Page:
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A very personal opinion on the MAID expansion.

Updated: May 3, 2023

MAID. Medical Assistance In Dying. A topic that has been in recent news again as the program looks to expand to people with mental illness and mental illness alone.

I knew a man who had decided to end his life with medical help. It was a gut wrenching experience as his friend and seemingly unnatural. There was something so surreal about knowing someone's expiry date. I respected his decision as he was in a terrible amount of pain and was bed ridden; counting on family for all of his care needs. Something inside me knew though that he didn't really want to die. His situation was beyond his control and he couldn't see another way to alleviate his and his family's suffering. There was nothing left to do for him. He was already dying; beyond help of his physical ailments.

Mental health is a whole other beast.

Though we can see, and measure physical illness, we can only imagine and empathize with someone with mental illness. It's harder to understand. It's invisible and intangible. For each of those that suffer with it, it can be a lonely place as it affects each differently depending on their life experiences. There's no one size fits all disorder or treatment. It's subjective in an objective medical system.

In recent news, I watched an interview of a man who was debilitated by his mental illness and hadn't been able to work for many years, relying on provincial disability financial supports. While he was not in crisis, he was exploring the idea of medically assisted dying because he was so worried to become homeless given his financial and living situation. This is a very real and valid fear for someone in this circumstance, and more and more people are seeing MAID as a means to end their worries. Stress plays a huge role in mental illness. The stress becomes a catalyst for worsening symptoms and the worsening symptoms are a catalyst for suicidal thoughts and ideations.

So how do we prevent people from the desperation in the first place? Support. Not a means of ending it all. While depression and mental illness can affect people from all walks of life, it disproportionately affects the poor. According to, " Mental health is shaped by the social, economic and physical environments, in which people live." and "the determinates of mental health and wellbeing are largely about the society we live in, rather than medical." According to the Canadian Association for Mental Health "Safe and affordable housing is pivotal to a person's recovery."

If these things are known to be truths, why then should it be easier to access assisted suicide than it is to access appropriate supports in life?

What would happen if we turned the tables? Should there be a medical answer to this social problem, or the other way around?

What happens when people are appropriately supported? Studies and social experiments in many other countries show increased wellness causing fewer trips to the doctor, and less physical and economic stress on the medical system. More productivity, ingenuity and creativity are born and people become entrepreneurial, freed from their heaviest stressors, housing and food security. People want to be a part of society and to contribute naturally and that's exactly what happens when supports in appropriate measure are given. Provincial disability supports are currently no where near the cost of living in much of Canada.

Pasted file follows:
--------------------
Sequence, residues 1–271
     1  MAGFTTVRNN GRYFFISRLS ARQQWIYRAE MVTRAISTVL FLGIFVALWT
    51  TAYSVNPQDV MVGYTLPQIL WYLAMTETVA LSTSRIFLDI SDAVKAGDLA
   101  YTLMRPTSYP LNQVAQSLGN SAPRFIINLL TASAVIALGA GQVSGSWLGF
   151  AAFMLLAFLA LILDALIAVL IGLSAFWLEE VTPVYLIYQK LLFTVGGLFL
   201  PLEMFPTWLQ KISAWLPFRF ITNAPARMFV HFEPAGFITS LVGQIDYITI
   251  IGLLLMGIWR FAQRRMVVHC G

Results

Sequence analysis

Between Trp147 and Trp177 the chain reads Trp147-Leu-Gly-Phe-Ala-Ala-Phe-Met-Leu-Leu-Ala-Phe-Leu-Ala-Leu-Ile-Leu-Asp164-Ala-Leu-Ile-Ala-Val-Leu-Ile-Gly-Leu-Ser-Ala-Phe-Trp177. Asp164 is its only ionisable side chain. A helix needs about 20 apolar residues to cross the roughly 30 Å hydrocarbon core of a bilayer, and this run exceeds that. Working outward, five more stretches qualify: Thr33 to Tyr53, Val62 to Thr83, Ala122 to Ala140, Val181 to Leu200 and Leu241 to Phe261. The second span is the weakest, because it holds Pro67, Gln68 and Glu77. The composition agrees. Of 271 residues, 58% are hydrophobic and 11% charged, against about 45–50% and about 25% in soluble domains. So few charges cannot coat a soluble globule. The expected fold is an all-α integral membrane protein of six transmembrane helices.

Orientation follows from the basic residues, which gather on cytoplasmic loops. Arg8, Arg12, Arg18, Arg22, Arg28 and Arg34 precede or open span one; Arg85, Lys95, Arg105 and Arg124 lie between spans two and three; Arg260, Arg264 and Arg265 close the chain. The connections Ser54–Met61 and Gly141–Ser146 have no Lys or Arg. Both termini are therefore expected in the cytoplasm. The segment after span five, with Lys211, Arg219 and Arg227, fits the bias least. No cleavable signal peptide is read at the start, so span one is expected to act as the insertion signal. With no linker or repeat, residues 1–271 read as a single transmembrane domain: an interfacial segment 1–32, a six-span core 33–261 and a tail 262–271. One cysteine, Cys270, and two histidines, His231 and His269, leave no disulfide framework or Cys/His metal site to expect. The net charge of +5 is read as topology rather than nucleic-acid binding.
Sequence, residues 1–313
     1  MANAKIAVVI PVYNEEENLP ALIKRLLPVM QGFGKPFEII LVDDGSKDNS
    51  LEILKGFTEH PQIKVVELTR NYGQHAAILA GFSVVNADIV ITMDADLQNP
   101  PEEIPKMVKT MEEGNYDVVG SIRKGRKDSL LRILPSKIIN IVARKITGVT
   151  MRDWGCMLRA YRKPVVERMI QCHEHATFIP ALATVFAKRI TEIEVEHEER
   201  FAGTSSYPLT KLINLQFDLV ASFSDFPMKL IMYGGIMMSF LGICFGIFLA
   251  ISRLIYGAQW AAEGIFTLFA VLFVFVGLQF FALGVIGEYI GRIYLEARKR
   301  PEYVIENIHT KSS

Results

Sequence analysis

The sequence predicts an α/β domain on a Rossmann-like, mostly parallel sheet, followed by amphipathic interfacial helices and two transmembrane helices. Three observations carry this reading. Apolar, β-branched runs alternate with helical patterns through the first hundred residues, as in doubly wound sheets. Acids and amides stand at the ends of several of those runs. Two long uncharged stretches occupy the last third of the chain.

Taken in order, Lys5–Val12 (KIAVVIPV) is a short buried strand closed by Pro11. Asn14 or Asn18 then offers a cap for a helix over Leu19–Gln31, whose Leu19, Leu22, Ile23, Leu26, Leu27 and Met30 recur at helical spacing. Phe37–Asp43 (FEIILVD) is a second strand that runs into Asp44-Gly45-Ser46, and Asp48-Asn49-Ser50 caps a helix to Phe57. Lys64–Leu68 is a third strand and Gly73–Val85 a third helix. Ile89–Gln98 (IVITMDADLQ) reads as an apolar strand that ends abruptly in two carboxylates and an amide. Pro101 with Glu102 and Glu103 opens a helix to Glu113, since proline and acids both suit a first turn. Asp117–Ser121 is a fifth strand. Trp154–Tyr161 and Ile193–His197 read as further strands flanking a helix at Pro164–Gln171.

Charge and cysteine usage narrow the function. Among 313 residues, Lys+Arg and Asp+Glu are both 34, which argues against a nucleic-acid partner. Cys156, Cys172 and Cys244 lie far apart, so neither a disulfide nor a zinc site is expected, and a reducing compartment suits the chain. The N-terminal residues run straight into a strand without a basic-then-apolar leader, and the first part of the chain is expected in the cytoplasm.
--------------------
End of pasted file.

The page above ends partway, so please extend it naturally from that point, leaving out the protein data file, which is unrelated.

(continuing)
The man in the news story I spoke about above had a happy ending to his story. His landlord who was going to sell, upon hearing how low the man had become, decided not to sell and a number of thousands of dollars was raised for him. He was no longer at the end of his rope and felt great relief, no longer suicidal.

Appropriate social supports should be prescribed and results examined first.

Look at the result for this one individual. He went from suicidal thoughts to having his faith in humanity restored and wanting to live and contribute in his own way.

Not everyone with mental illness faces these types of challenges though and I do believe in freedom of choice, but for those that do, these challenges should be examined, helped and weighed before a decision is made to jump to assisted suicide. I know the torment of mental illness, and have also pondered this exit strategy. My own story mirrors quite a lot of the man I spoke about above though, I have benefited from the kindness of friends with housing and help with food security. Threat to either however, tips the balance and I start to slip into panic and spiral into illness again. That's how fragile mental health can be. It's so intrinsically tied with stress, that social supports have to be more in tune with the cost of living and the needs of those they are meant to serve.

My own journey has shown me that when one feels suicidal, one isn't in a healthy mindset. While MAID decisions are said to be made only when a person is deemed of sound mind, a sound mind can still be a very depressed mind. Is it truly a decision being made of sound mind then? Only a depressed mind would choose to die. Who chooses to die unless they are in deep, deep suffering? Shouldn't we do everything to alleviate outside stressors first to see how the person responds? Wouldn't this be the most humane thing we could do? Or have we moved too far away from our humanity? After all, compassion is how we are meant to evolve.

Some would say this MAID expansion is compassionate

and I agree to a degree, but if we can't balance the scales with being compassionate in life as in death, then we aren't in the proper position to act on this expansion, ethically speaking. If people are trying to exit this planet because their social position is too precarious without trying to improve the society we live in first, we are headed down a dark path.

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